How do you get jobs and contracts into some of society’s poorest communities? This will be one of the issues discussed at the Social Business Wales (SBW) Conference on 27 September, where social businesses (co-operatives, mutuals, social enterprises and employee-owned businesses) will gather to share experiences, expertise and ideas around the issue.
Held annually for the social enterprise and co-operative sector in Wales, SBW 2018 is a free event funded by the Welsh government and European Regional Development Fund (ERDF), and will be held at City Hall, Cardiff. It is delivered by the Wales Co-operative Centre, the national body for co-operatives and social businesses, which also manages projects which tackle poverty and promote inclusion through co-operative working.
Rhian Edwards is project manager for Social Business Wales at the Wales Co-operative Centre, and believes the social business sector in Wales is “redefining how business gets done”. In Wales, social businesses employ over 40,000 people, offer volunteering opportunities to approximately 50,000 and contribute an estimated £2.37bn to the national economy.
“This year’s Social Business Wales Conference is specifically intended to provide social businesses in Wales with inspiration, ideas and practical skills which will help them enter new markets, develop new products and services or adopt new structures,” she says, “all of which will enable them to grow and be more sustainable.
“We will be encouraging all our delegates attending, whether they are from a social enterprise, charity, co-operative or mutual, to share best practice; encourage innovation; and learn from and build partnerships with the private, public and not-for-profit sector.”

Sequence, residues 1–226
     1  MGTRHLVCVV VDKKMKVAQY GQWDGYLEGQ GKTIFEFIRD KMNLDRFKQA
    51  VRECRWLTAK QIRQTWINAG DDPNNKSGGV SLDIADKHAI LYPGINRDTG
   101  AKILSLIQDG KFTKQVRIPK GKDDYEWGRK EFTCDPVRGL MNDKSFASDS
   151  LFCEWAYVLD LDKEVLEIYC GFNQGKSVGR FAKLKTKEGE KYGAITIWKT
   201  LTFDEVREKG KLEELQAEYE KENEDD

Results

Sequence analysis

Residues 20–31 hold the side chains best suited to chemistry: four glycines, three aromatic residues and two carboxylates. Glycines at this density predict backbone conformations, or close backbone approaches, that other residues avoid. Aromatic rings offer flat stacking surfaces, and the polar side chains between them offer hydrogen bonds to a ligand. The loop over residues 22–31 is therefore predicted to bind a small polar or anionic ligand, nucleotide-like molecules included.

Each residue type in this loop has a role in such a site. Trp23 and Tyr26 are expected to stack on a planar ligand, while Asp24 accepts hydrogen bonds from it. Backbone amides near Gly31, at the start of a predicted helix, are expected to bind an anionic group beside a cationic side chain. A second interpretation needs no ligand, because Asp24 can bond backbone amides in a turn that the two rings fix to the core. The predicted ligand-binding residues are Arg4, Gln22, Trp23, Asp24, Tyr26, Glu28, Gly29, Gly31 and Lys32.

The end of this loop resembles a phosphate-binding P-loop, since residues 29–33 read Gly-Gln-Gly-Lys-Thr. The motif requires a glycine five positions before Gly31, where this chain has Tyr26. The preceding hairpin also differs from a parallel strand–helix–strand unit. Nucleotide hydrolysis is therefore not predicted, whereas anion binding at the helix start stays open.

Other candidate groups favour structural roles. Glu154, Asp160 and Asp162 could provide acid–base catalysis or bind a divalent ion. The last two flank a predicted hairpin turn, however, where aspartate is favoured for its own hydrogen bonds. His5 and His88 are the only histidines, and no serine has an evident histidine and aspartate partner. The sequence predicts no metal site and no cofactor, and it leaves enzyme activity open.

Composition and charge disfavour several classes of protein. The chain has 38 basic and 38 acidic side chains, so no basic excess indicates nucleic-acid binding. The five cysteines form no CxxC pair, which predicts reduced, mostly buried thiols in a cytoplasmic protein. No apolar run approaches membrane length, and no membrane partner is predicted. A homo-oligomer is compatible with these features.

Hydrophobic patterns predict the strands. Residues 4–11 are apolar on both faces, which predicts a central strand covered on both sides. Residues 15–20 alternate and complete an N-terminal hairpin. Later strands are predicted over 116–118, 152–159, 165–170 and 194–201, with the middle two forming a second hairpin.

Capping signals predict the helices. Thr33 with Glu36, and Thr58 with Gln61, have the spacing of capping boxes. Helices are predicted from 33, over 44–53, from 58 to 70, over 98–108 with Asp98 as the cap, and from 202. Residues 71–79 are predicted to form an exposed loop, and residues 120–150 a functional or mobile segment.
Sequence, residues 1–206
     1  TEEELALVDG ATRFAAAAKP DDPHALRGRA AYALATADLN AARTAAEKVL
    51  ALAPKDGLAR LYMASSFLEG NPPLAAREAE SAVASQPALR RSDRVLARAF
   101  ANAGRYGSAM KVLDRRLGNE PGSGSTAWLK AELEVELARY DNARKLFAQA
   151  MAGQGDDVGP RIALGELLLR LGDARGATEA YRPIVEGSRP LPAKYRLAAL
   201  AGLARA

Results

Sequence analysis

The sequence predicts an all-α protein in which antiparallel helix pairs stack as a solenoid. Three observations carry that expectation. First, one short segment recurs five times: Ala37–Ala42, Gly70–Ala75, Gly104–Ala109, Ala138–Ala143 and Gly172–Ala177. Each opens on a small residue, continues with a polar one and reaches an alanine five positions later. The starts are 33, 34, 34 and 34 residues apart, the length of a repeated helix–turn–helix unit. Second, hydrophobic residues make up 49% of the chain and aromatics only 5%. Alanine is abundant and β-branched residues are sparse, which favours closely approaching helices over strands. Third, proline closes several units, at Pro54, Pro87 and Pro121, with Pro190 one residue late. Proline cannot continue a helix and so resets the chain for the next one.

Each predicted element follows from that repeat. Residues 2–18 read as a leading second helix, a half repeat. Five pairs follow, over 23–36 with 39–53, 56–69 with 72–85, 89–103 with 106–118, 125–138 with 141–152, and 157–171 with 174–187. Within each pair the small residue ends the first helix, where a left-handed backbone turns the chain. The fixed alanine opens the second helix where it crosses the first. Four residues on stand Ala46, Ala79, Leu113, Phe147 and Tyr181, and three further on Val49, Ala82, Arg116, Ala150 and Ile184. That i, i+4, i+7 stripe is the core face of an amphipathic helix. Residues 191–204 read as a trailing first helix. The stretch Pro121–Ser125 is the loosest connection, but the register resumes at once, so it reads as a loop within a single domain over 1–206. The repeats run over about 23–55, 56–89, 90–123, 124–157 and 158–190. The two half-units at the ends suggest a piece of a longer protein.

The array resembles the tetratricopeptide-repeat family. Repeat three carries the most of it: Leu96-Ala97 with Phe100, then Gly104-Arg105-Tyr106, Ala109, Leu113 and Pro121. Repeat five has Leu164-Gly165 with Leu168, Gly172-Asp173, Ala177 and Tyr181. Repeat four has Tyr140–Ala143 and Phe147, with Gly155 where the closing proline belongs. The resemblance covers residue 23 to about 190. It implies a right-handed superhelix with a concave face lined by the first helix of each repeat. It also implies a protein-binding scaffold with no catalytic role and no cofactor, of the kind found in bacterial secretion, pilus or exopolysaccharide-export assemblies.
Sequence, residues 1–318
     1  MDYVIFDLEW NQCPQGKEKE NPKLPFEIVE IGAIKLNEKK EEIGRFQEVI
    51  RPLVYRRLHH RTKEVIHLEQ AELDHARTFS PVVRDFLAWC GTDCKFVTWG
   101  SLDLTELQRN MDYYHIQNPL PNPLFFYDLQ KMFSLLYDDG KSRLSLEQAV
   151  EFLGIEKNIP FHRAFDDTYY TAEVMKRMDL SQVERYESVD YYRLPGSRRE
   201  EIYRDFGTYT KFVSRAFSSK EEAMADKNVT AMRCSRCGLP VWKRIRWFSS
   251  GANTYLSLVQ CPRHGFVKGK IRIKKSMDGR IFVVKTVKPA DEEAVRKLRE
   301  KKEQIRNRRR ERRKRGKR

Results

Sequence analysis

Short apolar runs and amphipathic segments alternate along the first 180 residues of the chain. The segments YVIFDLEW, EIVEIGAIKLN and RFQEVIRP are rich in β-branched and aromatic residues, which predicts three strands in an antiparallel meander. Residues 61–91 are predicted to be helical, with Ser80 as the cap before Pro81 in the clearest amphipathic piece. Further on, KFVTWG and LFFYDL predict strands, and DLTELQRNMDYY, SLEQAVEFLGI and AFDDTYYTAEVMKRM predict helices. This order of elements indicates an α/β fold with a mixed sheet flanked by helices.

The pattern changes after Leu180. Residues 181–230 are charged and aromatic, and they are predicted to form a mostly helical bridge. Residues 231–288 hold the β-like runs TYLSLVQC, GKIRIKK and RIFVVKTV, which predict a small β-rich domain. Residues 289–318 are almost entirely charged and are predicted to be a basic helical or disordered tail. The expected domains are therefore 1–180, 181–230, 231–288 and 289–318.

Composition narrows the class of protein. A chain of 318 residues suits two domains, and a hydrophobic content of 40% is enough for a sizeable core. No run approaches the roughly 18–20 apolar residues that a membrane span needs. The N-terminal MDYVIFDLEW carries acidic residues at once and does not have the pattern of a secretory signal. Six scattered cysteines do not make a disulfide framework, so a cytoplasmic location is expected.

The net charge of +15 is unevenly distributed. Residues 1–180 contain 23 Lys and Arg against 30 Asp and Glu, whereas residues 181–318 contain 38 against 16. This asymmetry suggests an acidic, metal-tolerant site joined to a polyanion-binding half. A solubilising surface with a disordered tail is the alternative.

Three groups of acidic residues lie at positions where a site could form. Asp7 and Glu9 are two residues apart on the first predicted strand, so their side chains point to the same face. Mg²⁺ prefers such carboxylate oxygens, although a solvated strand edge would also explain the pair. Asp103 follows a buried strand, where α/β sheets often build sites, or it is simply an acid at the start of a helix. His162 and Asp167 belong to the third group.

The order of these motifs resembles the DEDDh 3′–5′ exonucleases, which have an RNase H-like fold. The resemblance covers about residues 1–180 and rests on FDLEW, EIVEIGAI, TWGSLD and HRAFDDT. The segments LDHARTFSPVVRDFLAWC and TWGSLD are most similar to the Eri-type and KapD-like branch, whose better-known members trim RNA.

In 2017, the Wales Co-operative Centre conducted research to map social businesses in Wales, surveying almost half the organisations operating in the sector. It found that social businesses are often located in areas of deprivation – with 72% describing their main social or environmental objectives as seeking to improve a particular community. Almost half were seeking to improve health and wellbeing.
The report also noted that the typical size of a social business (in turnover) has increased, but that lack of – or poor access to – funding was the most commonly identified constraint on business growth. Over half of respondents identified additional barriers, particularly insufficient staffing/volunteers, the impact of Brexit, and public sector austerity measures.
“Collectively, therefore, there is clear evidence of a growing, increasingly confident and entrepreneurial social business sector that is built upon strengthening foundations,” said the report.
“The increase in turnover, jobs and volunteer opportunities supported by the sector will have an impact on local economies, community cohesion, and individual people’s potential to develop themselves through paid employment, work experience, and training. The social benefits of these businesses have tangible effects which are having a positive impact on communities throughout Wales.”